- Place cooked roti on a plate as you go and cover with an upsidedown bowl or dry tea towel.
Roti is a round, unleavened flatbread originating in India. Traditionally made with stone-ground whole wheat flour and cooked on a flat or slightly concave iron griddle, it has become a staple in many countries. It's a popular side dish with stews and curries and makes a nutritious wrap for vegetable fillings.
Cast iron in the shape of a skillet or flat griddle are both convenient replacements for a tawa when not available.
The names roti and chapati are often used interchangeably and regional differences make it hard to name exact rules. However, in most cases, chapati is technically considered a type of roti. Even though roti originated as a stone-ground whole-wheat bread cooked on a tawa, it is sometimes made with other flours or cooked in a tandoor open-air oven. Chapati on the other hand are always whole wheat, tend to be thinner than roti, and are not cooked in a tandoor.
Are you ready for these fragrant, soft, delicious wraps? Make this Soft Whole Wheat Roti Recipe, and you can spread or fill them with anything your heart desires.
More bread recipes
Soft Whole Wheat Roti Recipe
- 2 ⅓ cups whole wheat bread flour, 300 grams
- 1 ½ cups water, 355 grams
- 1 tsp. Himalayan pink salt, optional
Mix roti dough
- Place flour in a large bowl. You can use the mixing bowl of your stand mixer.
- Put water and salt in a saucepan and bring to a boil. Remove water from heat as soon as it boils. That way, it won't evaporate.
- Pour boiling water over the flour. Mix with a heavy spoon. A sturdy wooden spoon works great. You should be able to moisten all the flour and clean the sides of the bowl without using your hands.
Knead in mixer
- Knead for 3 minutes on low speed with a mixer. The dough will remain sticky and won't form a ball. After 3 minutes dough will be soft and elastic and cooled enough to touch. Kneading too long will toughen the dough.
- If you aren't using a stand mixer to knead the dough, let it cool for 5 minutes or until the dough can be handled. Turn out onto a lightly floured counter and shape it into a ball just enough to make the dough uniform.
- Wrap tightly with plastic wrap and let rest at room temperature for one hour and up to 3 hours.
Divide and pre-shape roti
- Very lightly flour your work surface and hands. Use a spatula or dough scraper to turn the dough from the bowl onto the counter.
- Shape dough into two logs, each six inches long. Keep the dough covered with a damp tea towel so it won't dry out while cutting and shaping. Cut each log into six equal pieces. This will give you 12 roti.
- Take one piece, dip it into a small bowl of flour and shake off excess. Flatten with hands to a 3 to 4-inch disc. Smooth the edges of the disc to seal any cracks. Place each piece on a counter lined with parchment paper or on a non-stick surface. Keep shaped roti covered with a damp towel as you finish all 12.
Roll Out roti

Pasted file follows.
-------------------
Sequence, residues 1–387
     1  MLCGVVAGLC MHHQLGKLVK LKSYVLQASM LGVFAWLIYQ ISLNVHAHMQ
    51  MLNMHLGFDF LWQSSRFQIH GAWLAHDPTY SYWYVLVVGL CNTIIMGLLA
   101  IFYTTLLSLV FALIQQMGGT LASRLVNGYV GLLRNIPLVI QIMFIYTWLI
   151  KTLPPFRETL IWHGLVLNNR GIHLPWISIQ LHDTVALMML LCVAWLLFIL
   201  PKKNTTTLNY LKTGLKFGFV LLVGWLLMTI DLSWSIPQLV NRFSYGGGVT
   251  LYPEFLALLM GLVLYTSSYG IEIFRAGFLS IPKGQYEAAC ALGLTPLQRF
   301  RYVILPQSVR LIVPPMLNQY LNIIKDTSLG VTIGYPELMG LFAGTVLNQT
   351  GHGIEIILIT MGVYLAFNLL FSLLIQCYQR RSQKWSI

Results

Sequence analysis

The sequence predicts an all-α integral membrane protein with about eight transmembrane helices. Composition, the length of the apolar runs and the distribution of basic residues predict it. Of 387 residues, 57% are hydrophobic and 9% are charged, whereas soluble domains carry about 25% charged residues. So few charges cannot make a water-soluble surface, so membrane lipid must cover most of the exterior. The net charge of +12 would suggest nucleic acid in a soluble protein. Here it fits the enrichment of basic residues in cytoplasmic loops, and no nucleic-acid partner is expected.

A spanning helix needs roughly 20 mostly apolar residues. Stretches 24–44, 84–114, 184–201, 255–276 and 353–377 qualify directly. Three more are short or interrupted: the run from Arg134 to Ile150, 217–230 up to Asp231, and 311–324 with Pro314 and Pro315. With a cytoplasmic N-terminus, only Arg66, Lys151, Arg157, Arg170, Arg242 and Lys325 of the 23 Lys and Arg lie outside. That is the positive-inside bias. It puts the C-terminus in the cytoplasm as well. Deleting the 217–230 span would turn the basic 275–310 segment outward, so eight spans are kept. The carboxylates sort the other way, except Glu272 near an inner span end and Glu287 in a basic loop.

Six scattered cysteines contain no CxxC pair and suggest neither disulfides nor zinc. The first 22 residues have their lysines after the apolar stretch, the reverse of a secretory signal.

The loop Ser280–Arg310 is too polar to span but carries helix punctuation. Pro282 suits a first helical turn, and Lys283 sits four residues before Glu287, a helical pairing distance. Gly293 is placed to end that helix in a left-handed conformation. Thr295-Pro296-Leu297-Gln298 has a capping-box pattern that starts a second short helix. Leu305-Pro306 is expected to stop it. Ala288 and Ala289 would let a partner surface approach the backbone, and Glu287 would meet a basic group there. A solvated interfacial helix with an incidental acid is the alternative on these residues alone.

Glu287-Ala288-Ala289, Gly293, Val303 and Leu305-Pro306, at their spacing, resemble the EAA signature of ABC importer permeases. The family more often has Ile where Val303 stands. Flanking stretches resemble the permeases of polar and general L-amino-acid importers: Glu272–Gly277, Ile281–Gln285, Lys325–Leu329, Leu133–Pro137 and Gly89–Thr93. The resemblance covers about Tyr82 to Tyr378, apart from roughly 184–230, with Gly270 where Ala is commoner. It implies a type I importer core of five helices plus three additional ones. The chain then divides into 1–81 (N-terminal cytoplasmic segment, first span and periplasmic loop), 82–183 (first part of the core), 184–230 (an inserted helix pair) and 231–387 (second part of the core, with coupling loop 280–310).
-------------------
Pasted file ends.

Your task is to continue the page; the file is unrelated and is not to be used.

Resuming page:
- Pre-heat a cast iron skillet to medium temperature.
- Give yourself plenty of elbow room, and use a smooth rolling pin. Take a flat disc of dough and rub both sides with flour. Use flour as needed with each flip and turn of dough to keep it from sticking to the counter. Scrape counter clean as needed while working.
- Begin by rolling firmly from the center of the roti towards the North. Roll again from the center of the roti to the South. Roll dough to about 5 inches long.
- Flip the roti over and dust the new top side of the roti with more flour. Turn dough 90 degrees and repeat rolling from center North to South. Now you should have a nice square roti.
- The final rolling step is rolling diagonally across the dough. Roll from the center to the upper right corner and then to the lower left. Reverse the direction and twist the rolling pin slightly across the dough to coax the roti into a circle.
- The ideal size roti for this recipe is 6 inches. Rotis rolled too thin tend to stiffen and dry out while cooking.
- Roll out all 12 roti and place them on a sheet of non-stick parchment paper as you go. Keep them covered with a damp tea towel. This is very important.
- Lay a roti in the cast-iron skillet or tawa and let cook for about 1 minute. Watch for bubbles. When the first ½-inch bubble is forming, flip the roti. Roti should be lightly flecked with brown spots. Adjust the temperature of the pan if necessary.
- Press around the outer edge of the roti and lightly stroke a spatula across the top. When a large bubble begins forming, apply gentle pressure with the flat side of the spatula to coax the bubble to expand. Rocking and stroking helps the pocket to grow. Once the roti makes a balloon, it's ready.
- Stack cooked roti on a plate and cover with an inverted bowl or tea towel. The towel will absorb some moisture and keep roti from getting soggy.
- Continue cooking roti one at a time until all 12 are done.
- Whole wheat roti keeps easily for a week refrigerated and sealed in an air-tight container or bag. They can be frozen for one month.